A woman who was wrongly accused of being a member of the LGBTQ+ community although she was married, was nearly lynched, but found a way to escape from Ghana to Canada, has opened up about her ordeal for the first time.
Speaking in an interview with a Ghanaian Canada-based journalist, Brian Myles, in a yet-to-be-aired video, and through her husband, the woman, Beatrice (not her real name), shared how she had to flee her community in the Volta Region because of the threats on her life.
Making the details available to GhanaWeb, Beatrice’s husband, Atiso, explained to the Canada-based journalist that the people of Davego, the community she resided in, suspected her of being a lesbian because she was always seen around women.
He added that there was a particular woman who had earlier also been suspected of being lesbian, who was among these women who used to frequent Beatrice’s house.
“Growing up, they rarely saw her with men; mostly women and so they started suspecting her of being a lesbian. This is also because while I was away, they said they kept seeing a particular woman go in and out of her house, sometimes leaving late,” he said.
He continued to say that with time, the people of the community were convinced that Beatrice could also be a lesbian, and for that reason, they started hatching plans to have her ‘punished.’
He explained that one day, the people gathered and tried to lynch her, but she got lucky and escaped, leading to her journey to Accra, and then eventually to Canada.
“The incident, which unfolded in August last year, in a small town – Davego, in the Volta Region of Ghana, started when rumors about her sexual orientation began circulating within the community.
“The ensuing mob gathered, fuelled by prejudice and misinformation, with the intention of carrying out a brutal act of violence. Faced with imminent danger, Beatrice managed to escape the mob’s clutches and made the difficult decision to seek refuge in Canada,” he added.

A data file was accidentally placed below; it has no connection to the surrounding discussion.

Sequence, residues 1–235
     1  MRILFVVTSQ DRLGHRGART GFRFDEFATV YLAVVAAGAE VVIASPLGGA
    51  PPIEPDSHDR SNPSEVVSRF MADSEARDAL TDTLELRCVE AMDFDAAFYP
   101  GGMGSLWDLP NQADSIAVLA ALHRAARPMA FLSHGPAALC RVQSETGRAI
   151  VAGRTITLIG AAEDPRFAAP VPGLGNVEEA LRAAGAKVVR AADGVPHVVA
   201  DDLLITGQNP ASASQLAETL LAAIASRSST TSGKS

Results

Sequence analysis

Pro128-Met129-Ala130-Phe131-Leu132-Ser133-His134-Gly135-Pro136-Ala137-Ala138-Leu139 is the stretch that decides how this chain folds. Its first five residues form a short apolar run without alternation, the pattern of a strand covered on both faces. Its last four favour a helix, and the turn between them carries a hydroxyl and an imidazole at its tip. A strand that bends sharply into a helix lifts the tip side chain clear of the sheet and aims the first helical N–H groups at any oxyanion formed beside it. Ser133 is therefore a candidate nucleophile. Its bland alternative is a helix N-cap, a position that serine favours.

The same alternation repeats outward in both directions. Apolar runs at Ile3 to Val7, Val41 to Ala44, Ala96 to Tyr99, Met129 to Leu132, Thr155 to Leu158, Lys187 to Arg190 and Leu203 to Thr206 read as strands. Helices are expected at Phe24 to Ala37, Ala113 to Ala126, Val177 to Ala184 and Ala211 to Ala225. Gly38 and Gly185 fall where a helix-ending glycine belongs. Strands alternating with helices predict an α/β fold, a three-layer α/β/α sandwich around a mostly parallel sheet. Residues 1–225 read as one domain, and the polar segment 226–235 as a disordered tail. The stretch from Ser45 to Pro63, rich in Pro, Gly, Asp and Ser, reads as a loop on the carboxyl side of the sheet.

With help from her husband, who she escaped to be with in Accra, and with support from a travel agency, the two were able to leave Ghana.
However, Atiso added that their stay in Accra was not as peaceful as they imagined, because away from the Volta Region, their pursuers decided to cause damage to their house, in their absence.
“When they heard we were in Accra, they followed up to our house in Ho, causing mayhem and damage to our properties there. We had to eventually report the case to the police but the threats continued.
“We had to sleep in hotels after hotels until we got help and left the country. We left on temporary visas,” he said.
He also explained that they are currently seeking asylum in Canada, as there is no hope for them to return to Ghana anytime soon.
Canada, known for its strong commitment to human rights and multiculturalism, has been a beacon of hope for individuals seeking refuge from persecution.
The country’s asylum system provides a platform for those escaping persecution based on their sexual orientation to find safety and protection.
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